“Well you know, this is a pretty significant shift in terms of how we all think about data and how we work with data — and, in real terms, it’s actually impacting all the technologies around it,” said Kreps. “Some of the operational databases vendors are already providing pretty deep integration to us — and us to them. That’s great for us, as our goal is to enable that connection and make it easy to work with Confluent across all their different systems.”
Will these same enterprise technology vendors now start to create more of their own data streaming solutions and start to come to market with their own approach? And if they do, would Kreps count that in some ways as a compliment to Confluent?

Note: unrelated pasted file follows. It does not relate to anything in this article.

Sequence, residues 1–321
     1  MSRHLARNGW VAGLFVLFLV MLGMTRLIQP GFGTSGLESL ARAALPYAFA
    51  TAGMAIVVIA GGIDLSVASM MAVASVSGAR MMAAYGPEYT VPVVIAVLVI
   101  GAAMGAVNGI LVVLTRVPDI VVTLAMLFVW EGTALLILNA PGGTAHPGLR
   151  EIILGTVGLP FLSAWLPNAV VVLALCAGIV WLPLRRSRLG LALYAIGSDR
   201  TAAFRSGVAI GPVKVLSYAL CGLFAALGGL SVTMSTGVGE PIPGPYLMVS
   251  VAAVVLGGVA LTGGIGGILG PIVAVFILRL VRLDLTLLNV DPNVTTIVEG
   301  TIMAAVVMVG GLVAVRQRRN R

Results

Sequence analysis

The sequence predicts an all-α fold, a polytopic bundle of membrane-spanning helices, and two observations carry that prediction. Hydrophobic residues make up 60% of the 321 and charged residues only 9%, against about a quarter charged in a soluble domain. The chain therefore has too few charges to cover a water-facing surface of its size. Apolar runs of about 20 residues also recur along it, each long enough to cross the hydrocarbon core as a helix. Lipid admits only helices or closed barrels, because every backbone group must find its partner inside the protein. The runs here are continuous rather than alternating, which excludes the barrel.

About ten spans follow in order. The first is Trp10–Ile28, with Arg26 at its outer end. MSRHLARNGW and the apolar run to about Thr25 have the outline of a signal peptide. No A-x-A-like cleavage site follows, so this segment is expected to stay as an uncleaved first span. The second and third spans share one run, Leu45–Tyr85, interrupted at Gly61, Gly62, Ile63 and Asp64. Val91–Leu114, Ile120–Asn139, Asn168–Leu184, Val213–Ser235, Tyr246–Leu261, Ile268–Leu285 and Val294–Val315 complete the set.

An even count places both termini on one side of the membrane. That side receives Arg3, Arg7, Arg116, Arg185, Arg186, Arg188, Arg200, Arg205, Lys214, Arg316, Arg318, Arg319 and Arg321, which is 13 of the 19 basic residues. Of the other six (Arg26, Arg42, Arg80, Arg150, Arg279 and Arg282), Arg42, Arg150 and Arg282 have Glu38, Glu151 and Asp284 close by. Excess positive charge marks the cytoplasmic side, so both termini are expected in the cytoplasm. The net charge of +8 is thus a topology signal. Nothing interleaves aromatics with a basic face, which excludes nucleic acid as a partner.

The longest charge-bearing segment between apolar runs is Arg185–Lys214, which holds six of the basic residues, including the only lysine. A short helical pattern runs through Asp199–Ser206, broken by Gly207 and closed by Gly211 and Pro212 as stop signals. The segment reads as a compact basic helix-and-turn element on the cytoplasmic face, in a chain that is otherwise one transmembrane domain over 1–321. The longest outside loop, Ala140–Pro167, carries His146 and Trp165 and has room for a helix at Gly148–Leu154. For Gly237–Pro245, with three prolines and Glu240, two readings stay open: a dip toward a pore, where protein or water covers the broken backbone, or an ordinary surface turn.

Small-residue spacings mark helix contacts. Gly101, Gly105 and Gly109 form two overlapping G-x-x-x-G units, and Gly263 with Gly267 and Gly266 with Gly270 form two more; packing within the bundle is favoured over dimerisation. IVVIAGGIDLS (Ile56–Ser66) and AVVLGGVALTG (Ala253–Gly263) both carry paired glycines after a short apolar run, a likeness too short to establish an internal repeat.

He agrees that there will inevitably be some attempt at replicating functionality. Overall though, he points to “a mindset shift among practitioners” in terms of what they expect and demand out of any new product, so he clearly hopes his firm’s dedicated focus on this space will win through.
You say tomato; I say tomato
Only one question remains then. We need to know whether to say data streaming or streaming data technology. Our initial definition here, and most of the information sources across the web, talk about data streaming. Confluent on the other hand often refers to streaming data. At the risk of mixing our metaphors and abandoning the river, stream and waterway narrative, it’s a bit like Jamaican curry goat. If you ask for goat curry, you’ll probably get it. Either way, it’s going to be spicy and it’s bad news for the goat.